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I read the WhatsApp Security Whitepaper and I want to know how a user A, which uses ECDH (Elliptic Curve Diffie-Hellman) to compute a master_secret, can be sure that the public keys for the recipient B used in the exchange belong to B and they have not been replaced by someone else. A uses B (public) Identity Key, Signed Pre Key and One-Time Pre Key, all stored on the server at the moment of B's registration: how can A be sure that they are actually his recipient's keys?

(ECDH is an anonymous protocol, therefore authentication must be achieved someway else)

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  • $\begingroup$ This has been answered over on Security.SE. $\endgroup$ – mikeazo Sep 19 '16 at 16:48
  • $\begingroup$ Comments are not for extended discussion; this conversation has been moved to chat. $\endgroup$ – e-sushi Sep 19 '16 at 21:34
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Basically the way WhatsApp and many other end-to-end encrypted messaging platforms work is that your device generates a public/private key pair. The public key is uploaded to the server and the private key is maintained. It is typically recommended that you do an "out-of-band" authentication of public keys with anyone you want to communicate with. This is often done by meeting in person. You can display your public key on your device, which they can see what public key they have for you (from the server) and compare. If you both see the same public key, all is well.

The reason and "out-of-band" mechanism is needed is that you cannot trust the WhatsApp channel for security yet, since security is being provided via the crypto. In theory, if you had some other trusted channel, you could use that. But if you already had a trusted channel, why use WhatsApp (or any other application)? This is why "in person" is typically the way this happens. You could do it over a phone call, or maybe even SMS, and feel sufficiently certain that correct public keys were exchanged. The beauty of how these apps work is that they allow you to decide that. That is also the disadvantage. If users don't fully understand the implications, they may be more risky than they would be otherwise.

This public/private key pair is used to sign partial ECDH key exchanges. You upload your half, signed by your private key to the server. The person who wants to communicate with you downloads one of the partial exchanges, verifies it with your public key. Completes the key exchange and uses the resulting key to encrypt the contents of the message. They then upload the other half of the key exchange, signed with their public key, and the encrypted message. Finally, you download all that info and are on your way.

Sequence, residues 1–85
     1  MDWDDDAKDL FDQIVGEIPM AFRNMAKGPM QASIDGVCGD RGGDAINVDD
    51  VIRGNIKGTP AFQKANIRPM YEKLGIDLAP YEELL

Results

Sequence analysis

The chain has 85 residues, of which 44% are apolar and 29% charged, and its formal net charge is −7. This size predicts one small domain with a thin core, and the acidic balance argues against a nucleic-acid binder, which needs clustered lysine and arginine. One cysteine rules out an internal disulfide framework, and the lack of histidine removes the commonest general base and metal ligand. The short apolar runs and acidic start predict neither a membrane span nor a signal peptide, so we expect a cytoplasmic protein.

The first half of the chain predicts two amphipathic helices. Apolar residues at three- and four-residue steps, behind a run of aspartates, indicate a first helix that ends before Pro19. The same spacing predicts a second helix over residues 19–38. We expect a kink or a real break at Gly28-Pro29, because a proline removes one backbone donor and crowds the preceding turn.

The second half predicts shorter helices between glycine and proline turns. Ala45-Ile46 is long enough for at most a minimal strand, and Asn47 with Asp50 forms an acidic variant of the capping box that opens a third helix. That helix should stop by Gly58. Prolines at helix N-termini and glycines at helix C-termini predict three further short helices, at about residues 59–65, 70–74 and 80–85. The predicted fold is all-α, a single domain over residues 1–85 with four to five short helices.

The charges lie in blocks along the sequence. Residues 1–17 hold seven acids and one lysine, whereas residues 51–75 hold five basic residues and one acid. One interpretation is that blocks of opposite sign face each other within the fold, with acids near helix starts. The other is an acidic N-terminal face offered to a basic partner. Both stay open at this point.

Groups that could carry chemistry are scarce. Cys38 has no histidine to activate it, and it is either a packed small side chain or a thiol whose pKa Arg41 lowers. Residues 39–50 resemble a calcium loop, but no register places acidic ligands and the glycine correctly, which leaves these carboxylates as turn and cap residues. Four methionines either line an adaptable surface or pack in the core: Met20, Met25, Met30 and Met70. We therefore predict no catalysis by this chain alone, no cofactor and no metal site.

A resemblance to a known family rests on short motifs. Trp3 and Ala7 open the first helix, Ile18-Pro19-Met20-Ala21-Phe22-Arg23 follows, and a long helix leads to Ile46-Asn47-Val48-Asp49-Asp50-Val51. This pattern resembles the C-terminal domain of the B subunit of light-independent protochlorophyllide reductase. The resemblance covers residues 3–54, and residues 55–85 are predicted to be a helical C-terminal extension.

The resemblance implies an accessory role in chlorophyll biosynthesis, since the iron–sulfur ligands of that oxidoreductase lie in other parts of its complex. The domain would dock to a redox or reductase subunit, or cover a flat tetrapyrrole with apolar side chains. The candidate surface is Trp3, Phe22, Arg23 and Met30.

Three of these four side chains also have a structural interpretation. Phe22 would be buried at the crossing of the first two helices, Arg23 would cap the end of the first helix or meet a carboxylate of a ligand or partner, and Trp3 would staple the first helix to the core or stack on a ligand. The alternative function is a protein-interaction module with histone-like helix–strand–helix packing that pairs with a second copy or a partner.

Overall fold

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    $\begingroup$ While WhatsApp is probably the best-known app for chatting on mobile phones and their improvements for security are quite good, it's worth mentioning Threema (as an example, but I don't know any others atm), where as a user you actually have an indicator about the authenticity of the other sides public key: If you just had in-band contact to someone, there is a yellow dot, and if you actually did an out-of-band verification based on QR codes, that dot becomes green. But one of the disadvantages is that (as far as a I know) the identity is bound to the phone, not the account. $\endgroup$ – tylo Sep 20 '16 at 17:58
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    $\begingroup$ @JigarJoshi, yeah, basically, with DH (whether it is EC or not), I can create a bunch of public values ($g^a$) that I publish on a server. If you then want to complete the exchange, you send to me $g^b$ and use my $g^a$ to compute $g^{ab}$. Turn that into the symmetric key to encrypt the message, and send the encrypted message to me. I then look up the $a$ value, use your $g^b$ to compute $g^{ab}$, and I can decrypt your message. By signing the $g^a$ values (e.g., $g^{a_1},g^{a_2},\dots,g^{a_n}$) that I've uploaded to the server, you have assurance that they are mine. I know the private value. $\endgroup$ – mikeazo Nov 2 '16 at 11:49
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    $\begingroup$ To understand how you combine two "public keys" to make a symmetric key, you have to understand Diffie-Hellman. The public keys we are talking about are very different from what you typically think of when you think about RSA, for example. Also, I provided an example in my previous comment. If you receive $g^b$ and you know $a$, you can compute $g^{ab}$. If the other party knows $b$ and is given $g^a$, they can also compute $g^{ab}$. From that shared secret value you can derive a symmetric key. $\endgroup$ – mikeazo Nov 3 '16 at 12:01
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    $\begingroup$ As to your question you linked to, if Alice uploads 30 of these public keys (we'll call them pre-keys), and you want to send her 31 messages (or 31 people all want to send her messages while her phone is powered off), you are correct. They can't do it. Some implementations I've seen get around this by allowing one key to be a long-term key that can be reused, but there are some potential security issues with this. $\endgroup$ – mikeazo Nov 3 '16 at 12:04
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    $\begingroup$ @JigarJoshi, I suggest you read the Wire Security Whitepaper and the SoK: Secure Messaging paper. $\endgroup$ – mikeazo Nov 3 '16 at 12:09

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